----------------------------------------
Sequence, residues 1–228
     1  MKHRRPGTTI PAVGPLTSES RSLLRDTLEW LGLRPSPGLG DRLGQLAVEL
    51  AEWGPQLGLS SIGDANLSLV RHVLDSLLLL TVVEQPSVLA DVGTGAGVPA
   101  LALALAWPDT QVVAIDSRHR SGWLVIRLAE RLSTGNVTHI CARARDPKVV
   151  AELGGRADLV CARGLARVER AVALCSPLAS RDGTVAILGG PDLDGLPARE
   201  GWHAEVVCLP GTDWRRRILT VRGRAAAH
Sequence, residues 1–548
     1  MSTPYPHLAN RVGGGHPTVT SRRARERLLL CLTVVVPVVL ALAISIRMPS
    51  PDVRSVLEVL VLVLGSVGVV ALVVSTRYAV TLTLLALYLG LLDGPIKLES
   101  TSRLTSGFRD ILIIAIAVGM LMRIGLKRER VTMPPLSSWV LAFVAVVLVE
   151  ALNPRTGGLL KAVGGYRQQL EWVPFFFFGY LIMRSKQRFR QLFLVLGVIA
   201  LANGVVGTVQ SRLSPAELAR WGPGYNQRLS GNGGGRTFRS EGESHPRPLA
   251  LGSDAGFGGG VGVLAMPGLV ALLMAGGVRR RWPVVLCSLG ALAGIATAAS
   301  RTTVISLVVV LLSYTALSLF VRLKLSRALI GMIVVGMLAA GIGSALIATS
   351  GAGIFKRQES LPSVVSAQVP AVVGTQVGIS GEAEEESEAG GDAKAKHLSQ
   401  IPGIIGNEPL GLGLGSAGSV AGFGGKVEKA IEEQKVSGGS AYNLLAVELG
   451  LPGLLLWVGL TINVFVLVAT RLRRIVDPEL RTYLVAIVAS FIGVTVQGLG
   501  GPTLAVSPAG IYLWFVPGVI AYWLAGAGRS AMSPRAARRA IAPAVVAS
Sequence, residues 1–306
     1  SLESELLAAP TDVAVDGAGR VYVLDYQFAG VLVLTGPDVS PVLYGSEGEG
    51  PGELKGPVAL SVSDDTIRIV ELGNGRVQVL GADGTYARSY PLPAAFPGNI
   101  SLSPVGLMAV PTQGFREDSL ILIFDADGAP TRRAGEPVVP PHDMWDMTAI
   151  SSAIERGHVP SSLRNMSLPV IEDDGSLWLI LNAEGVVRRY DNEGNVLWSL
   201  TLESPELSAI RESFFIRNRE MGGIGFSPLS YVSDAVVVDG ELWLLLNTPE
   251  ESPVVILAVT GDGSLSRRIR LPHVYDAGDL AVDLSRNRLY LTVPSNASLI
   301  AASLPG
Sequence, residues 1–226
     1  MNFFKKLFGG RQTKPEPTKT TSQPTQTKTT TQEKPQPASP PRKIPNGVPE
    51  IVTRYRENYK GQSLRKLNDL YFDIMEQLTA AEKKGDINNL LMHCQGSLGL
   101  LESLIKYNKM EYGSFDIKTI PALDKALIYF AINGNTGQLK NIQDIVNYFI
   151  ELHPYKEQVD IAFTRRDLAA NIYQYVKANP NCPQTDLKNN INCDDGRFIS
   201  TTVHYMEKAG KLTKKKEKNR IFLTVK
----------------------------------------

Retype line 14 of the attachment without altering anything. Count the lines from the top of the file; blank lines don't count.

   301  RTTVISLVVV LLSYTALSLF VRLKLSRALI GMIVVGMLAA GIGSALIATS